Database Special Report: Beyond the Black Box
Each database segment should tell the marketer at least two things:
1. What makes the segment unique in such a way that the marketer can understand how customers with those characteristics are likely to respond to certain offers.
2. How likely the segment is to respond in such a way that the marketer can decide not only whether or not to contact that segment, but when and how often.
Modeling Is Tactical; Marketing Is Strategic
While there is no doubt that segmentation can be a very effective tactic, it can be more effective when employed as part of an overall strategy.
For example, consider the following two scenarios for a direct marketing organization that has a database with 100,000 names.
Scenario No. 1: The marketing manager has 20,000 mail pieces ready for a September campaign, so she asks the statistician to select the 20,000 best names. He does so using an advanced, neural-networking technique that has been shown to be highly predictive of which customers will respond.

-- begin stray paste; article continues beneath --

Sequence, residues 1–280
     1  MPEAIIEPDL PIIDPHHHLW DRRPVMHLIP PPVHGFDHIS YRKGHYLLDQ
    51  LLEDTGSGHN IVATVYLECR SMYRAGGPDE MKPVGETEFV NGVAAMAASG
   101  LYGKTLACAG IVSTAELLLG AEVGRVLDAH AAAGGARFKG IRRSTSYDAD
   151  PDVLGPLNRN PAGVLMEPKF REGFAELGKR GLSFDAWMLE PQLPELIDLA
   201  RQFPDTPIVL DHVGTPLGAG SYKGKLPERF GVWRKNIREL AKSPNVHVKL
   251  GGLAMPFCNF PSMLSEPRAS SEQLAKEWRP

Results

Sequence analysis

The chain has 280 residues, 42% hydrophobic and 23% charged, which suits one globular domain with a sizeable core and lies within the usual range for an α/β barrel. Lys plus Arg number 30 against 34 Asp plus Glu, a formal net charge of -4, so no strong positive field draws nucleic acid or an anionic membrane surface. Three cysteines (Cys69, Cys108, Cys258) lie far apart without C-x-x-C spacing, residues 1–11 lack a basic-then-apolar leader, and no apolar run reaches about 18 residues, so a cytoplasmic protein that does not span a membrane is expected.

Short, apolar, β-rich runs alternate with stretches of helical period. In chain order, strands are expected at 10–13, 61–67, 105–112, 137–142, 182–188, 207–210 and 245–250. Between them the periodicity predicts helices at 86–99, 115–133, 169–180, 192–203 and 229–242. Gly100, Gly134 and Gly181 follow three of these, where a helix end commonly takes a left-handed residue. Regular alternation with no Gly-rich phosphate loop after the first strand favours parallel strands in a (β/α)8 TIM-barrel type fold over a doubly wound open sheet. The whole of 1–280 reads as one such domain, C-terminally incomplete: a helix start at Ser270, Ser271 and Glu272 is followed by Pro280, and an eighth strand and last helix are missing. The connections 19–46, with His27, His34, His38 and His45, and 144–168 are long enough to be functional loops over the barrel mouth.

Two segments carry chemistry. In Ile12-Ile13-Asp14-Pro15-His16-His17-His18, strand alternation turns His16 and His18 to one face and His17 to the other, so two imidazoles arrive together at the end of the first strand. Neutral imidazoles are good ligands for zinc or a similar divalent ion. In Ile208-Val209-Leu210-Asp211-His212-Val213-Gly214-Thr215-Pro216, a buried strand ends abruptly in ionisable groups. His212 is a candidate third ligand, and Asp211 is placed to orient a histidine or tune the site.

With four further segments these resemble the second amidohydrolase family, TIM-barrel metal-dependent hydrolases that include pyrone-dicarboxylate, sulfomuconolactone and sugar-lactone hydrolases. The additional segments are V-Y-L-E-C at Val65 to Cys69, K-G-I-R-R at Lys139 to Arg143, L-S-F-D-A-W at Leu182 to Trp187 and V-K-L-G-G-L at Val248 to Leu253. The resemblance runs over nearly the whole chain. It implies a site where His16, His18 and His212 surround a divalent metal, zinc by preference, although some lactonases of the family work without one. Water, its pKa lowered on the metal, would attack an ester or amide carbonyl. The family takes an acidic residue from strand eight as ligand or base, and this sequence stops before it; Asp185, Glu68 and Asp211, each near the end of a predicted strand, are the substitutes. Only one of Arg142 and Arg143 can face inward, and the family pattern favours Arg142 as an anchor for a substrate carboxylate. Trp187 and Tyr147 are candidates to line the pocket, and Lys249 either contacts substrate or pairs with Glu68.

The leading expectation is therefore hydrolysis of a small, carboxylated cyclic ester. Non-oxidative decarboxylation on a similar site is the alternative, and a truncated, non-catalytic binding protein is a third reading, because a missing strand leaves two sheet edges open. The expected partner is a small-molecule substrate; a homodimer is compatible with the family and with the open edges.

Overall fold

The 20,000 pieces are identical, and each customer will get the same offer. The offer, which is $20 off any order over $100, has been the most effective in the past.
The mail pieces go out, and the campaign is a success. Responses are very close to what was predicted, and all segments within the 20,000 pieces perform above breakeven.
Scenario No. 2: The marketing manager is planning a September campaign. She sits down with the statistician and reviews past campaigns, current customer segments and past offer performance.
They realize September has been a strong month in the past, and they estimate they can reach 40,000 customers profitably. They also find that customers with lower average orders tend not to respond well to the best-performing overall offer, which is $20 off any order over $100, and customers with high average orders often place smaller orders than usual when given that offer.